An internationally respected Harvard University statistician and National Academy of Medicine and Sciences member renowned for her work at the intersection of computer science, mathematics and statistics will visit the Texas A&M University campus next week as the guest speaker for the biennial H.O. Hartley Memorial Lecture, sponsored by the Texas A&M Department of Statistics.
Susan A. Murphy, Mallinckrodt Professor of Statistics and of Computer Science in the Harvard John A. Paulson School of Engineering and Applied Sciences and a Radcliffe Alumnae Professor in the Harvard Radcliffe Institute for Advanced Study, will present a 3:30 p.m. public lecture, “We Used RL; But Did it Work?” on Monday (Dec. 6) in the Stephen W. Hawking Auditorium within the George P. and Cynthia Woods Mitchell Institute for Fundamental Physics and Astronomy. The presentation is free and open to the public.
The H.O. Hartley Memorial Lectures were established by the Department of Statistics in 1988 to honor Herman Otto Hartley, who came to Texas A&M in 1963 as a distinguished professor of statistics and founded Texas A&M’s Institute of Statistics, serving as its inaugural director until his retirement in 1977. Hartley built his initial faculty of four into a group of 16, directed more than 30 doctoral students, and published more than 75 papers during this period. In addition, he served as president of the American Statistical Association (ASA) in 1979 prior to his death on December 30, 1980.
Murphy, who grew up in the countryside of southern Louisiana, earned her bachelors of science in mathematics from Louisiana State University in 1980 and her doctorate in statistics from the University of North Carolina at Chapel Hill in 1989. Prior to joining the Harvard faculty in 2017, she was the H.E. Robbins Distinguished University Professor of Statistics (2004-2017), a research professor at the Institute for Social Research (2001-2017) and a professor of psychiatry (2005-2017), all at the University of Michigan.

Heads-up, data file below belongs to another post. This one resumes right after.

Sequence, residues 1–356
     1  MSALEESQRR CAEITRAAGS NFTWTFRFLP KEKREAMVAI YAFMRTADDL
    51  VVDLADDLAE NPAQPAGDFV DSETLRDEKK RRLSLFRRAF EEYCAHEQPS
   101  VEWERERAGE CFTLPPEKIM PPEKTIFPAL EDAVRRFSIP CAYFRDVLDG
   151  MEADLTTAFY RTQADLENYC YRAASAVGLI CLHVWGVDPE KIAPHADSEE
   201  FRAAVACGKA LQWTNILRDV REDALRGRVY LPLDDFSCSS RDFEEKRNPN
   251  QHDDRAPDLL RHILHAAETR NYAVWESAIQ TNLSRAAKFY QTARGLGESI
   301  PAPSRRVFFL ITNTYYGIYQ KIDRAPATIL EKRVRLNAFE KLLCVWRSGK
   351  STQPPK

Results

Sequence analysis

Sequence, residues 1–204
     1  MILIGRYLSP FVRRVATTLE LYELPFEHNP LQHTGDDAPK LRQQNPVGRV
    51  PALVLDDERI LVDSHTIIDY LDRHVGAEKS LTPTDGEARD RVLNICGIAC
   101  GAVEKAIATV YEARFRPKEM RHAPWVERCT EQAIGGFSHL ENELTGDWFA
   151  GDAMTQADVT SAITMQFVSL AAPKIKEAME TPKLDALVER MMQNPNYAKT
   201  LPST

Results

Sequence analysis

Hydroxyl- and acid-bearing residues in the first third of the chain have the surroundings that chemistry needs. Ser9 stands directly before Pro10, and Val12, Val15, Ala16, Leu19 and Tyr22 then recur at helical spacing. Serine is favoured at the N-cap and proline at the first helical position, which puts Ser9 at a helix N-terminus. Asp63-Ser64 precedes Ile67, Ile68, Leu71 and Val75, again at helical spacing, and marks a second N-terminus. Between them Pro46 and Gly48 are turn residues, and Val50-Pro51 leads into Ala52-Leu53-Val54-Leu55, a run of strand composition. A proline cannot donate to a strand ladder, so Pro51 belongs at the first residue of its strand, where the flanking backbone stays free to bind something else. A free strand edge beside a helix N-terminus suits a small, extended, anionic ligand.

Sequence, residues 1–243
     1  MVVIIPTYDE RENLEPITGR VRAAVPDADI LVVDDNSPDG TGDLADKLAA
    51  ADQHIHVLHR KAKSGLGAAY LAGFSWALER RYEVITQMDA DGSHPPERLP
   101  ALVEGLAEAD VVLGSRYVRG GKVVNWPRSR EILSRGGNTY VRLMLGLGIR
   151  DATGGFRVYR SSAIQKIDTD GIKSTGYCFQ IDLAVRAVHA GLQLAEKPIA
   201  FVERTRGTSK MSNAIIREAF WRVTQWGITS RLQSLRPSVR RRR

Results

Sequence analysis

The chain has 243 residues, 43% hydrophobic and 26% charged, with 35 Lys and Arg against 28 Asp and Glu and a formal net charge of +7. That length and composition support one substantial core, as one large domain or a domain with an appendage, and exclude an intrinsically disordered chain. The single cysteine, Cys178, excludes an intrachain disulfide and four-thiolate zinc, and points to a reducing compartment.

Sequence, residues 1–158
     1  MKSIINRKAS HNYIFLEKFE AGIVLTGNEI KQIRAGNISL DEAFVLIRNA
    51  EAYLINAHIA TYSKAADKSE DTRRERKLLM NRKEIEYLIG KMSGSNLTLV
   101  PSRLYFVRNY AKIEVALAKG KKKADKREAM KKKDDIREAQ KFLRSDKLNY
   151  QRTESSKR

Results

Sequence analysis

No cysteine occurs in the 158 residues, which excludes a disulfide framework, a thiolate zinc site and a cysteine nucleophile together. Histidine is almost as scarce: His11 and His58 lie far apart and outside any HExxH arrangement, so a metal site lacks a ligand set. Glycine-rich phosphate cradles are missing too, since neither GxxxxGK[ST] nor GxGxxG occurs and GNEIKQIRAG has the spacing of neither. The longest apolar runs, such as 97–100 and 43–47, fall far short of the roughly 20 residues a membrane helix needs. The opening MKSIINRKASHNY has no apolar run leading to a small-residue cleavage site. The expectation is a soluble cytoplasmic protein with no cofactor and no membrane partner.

Murphy’s research focuses on the development of data analytic methods for sequential decision-making to help individuals manage chronic health disorders. Her expertise goes into the design and evaluation of medical treatments that adapt to individuals, including some that use mobile devices to deliver tailored interventions for drug addicts, smokers and heart disease patients. Her related work within the Statistical Reinforcement Learning Lab at Harvard is funded by the National Institute on Drug Abuse, the National Institute of Dental and Craniofacial Research, the National Cancer Institute and the National Institute of Biomedical Imaging and Bioengineering. She and her lab group currently are engaged in a number of clinical trials that use real-time algorithms developed by her team to learn and optimize the delivery of digital interventions.
In Monday’s presentation, Murphy will address reinforcement learning, which provides an attractive suite of online learning methods for personalizing such interventions in a digital health age, and methods of evaluating their application and effectiveness.
Murphy is a former president of the Institute of Mathematical Statistics (IMS) and the Bernoulli Society for Mathematical Statistics and Probability. She was inducted into the National Academy of Medicine (2014) and the National Academy of Sciences (2016) for her distinguished and continuing achievements in original science. In addition, she was recognized for her work on trial designs and related analytics with a 2013 John D. and Catherine T. MacArthur Foundation Fellowship.
A fellow of the ASA and the IMS, Murphy’s additional career honors include the 2021 Van Wijngaarden Award, the 2019 Royal Statistical Society Guy Medal in Silver, the Australian Mathematical Sciences Institute-Statistical Society of Australia 2018 Lecturer, the 2018 R.A. Fisher Award and Lectureship and the Precision Medicine World Conference 2018 Luminary Award.
Learn more about Murphy and her work in this September 2020 Harvard faculty spotlight.